Firms might soon view wireless LANs as cheaper than copper

When setting up an e-business or adding a remote office or workgroup to an existing operation, the cost of properly wiring the building for the added network can impact the budget just as heavily as the cost of the computer hardware.

For example, enterprises can find themselves paying several hundred thousand dollars in electrical contracting and related fees to add new users as they expand their operations into another location, according to industry experts.

But as wireless technology begins to stabilize and come within reach of a wider range of e-businesses, more companies will begin considering wireless LANs as a less expensive alternative to installing copper wiring, as well as a faster way to set up shop.

“It’s definitely a faster alternative,” says Gemma Paulo, a research analyst at Scottsdale, Ariz.-based Cahners In-Stat Group. Paulo points out that although a wired NIC (network interface card) is still cheaper than a wireless NIC, many companies are going with wireless LANs first, and sticking with them “even if they do go wired, because employees want to be able to roam around the campus.”

“[Wireless LANs] seem like the trend in networking,” Paulo adds. “And it’s a great way to keep your workers working, because many airports and hotels now offer wireless interfaces so your employees can stay on-line.”

Phil Belanger, vice-president of Wayport, an Austin, Tex.-based provider of wireless LAN services to airports, such as Dallas/Ft.Worth International, believes an early investment in wireless is smart planning for the long term.

“Wireless is more expensive if you just consider the adapter cost,” Belanger says, “but in the wired world you have the cost of cabling – and we figured that if you moved once, after that one move wireless would have been a less expensive first investment.”

Belanger says wireless LANs are also easier to manage and that when employees from remote offices “return to the mothership,” they don’t have to worry about finding a room with an open LAN jack if the company headquarters is already running a wireless network.

Helping to bring wireless LANs within reach of more e-businesses, IBM Corp. recently introduced new ThinkPad iSeries notebook computers with integrated 802.11b wireless LAN antennas installed within the screen casing. Compatible with IBM’s High Rate Wireless LAN Access Point, which serves as the base station transmitter/receiver, the inexpensive notebooks, which start at approximately US$1,400, can almost instantly be deployed and set into operation in a nearby office extension or a remote office equipped with little more than wall-based electrical sockets and an incoming T1 line.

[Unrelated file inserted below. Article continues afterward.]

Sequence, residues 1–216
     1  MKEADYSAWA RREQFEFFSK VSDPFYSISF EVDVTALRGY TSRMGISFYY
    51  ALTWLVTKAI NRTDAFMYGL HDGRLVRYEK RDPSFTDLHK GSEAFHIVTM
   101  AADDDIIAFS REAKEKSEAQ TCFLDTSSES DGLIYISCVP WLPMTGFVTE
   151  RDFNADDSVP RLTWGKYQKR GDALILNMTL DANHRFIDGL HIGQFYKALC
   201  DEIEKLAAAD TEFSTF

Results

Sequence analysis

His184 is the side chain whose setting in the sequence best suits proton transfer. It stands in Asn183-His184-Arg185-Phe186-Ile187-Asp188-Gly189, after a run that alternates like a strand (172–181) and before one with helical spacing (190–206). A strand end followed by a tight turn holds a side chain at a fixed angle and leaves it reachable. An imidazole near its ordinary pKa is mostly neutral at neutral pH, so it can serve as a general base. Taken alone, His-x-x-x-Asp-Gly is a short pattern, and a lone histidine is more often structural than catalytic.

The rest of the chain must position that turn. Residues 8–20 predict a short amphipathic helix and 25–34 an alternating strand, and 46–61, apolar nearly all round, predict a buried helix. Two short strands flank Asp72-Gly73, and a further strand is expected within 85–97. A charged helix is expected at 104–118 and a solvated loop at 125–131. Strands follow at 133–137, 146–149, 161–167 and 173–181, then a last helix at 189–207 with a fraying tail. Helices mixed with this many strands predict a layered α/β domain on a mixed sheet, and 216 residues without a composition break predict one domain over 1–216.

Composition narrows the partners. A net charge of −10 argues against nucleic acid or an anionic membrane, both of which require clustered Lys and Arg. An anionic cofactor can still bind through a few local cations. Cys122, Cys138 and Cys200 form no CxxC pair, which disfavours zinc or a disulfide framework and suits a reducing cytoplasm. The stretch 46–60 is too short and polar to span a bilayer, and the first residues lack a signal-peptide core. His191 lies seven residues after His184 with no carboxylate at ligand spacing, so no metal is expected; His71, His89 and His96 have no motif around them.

“You can have over 200 clients on one Access Point or less, depending on if the users are running any multimedia content. And the range extends thousands of feet, depending on the layout of the building,” explains Ron Sperano, the program director for mobile market development at Armonk, N.Y.-based IBM.

Dell Computer Corp. will also begin shipping integrated 802.11b wireless LAN technology within its Latitude line of portable computers, according to a source close to the Round Rock, Tex.-based company. Dell, which has been offering wireless LAN NIC cards since last November, will introduce the new Latitude notebooks this month, with plans to add integrated wireless LAN technology to its Inspiron line of portable computers in the near future.

Both IBM and Dell offer Bluetooth technology, a low-power, low-range radio device for personal connectivity, alongside their 802.11b LAN options. Recent concerns over the maturity of both 802.11b and Bluetooth technologies, which operate on the same broadcast band, brought to light the fact that Bluetooth still has two to five years of development left, while 802.11b awaits two additional draft standards addressing the problems of data-transmission collisions with Bluetooth, and other performance issues, according to Simon Ellis, marketing chairman for the Bluetooth Special Interest Group.

Nevertheless, Brian Grimm, a spokesman for the Wireless Ethernet Capability Alliance (WECA) says the time to act is now.

“Look at it this way: We worked through the development of the 386 to the 486 to the Pentium. Things will always evolve, but we’ve had 50 major companies join us just this year alone, and all the big boys are in,” Grimm says.

Mountain View, Calif.-based WECA, whose members include such industry giants as Compaq, Intel, Toshiba, and Cisco, certifies wireless LAN interoperability among its member companies, granting a seal of approval to devices that comply, Grimm says.

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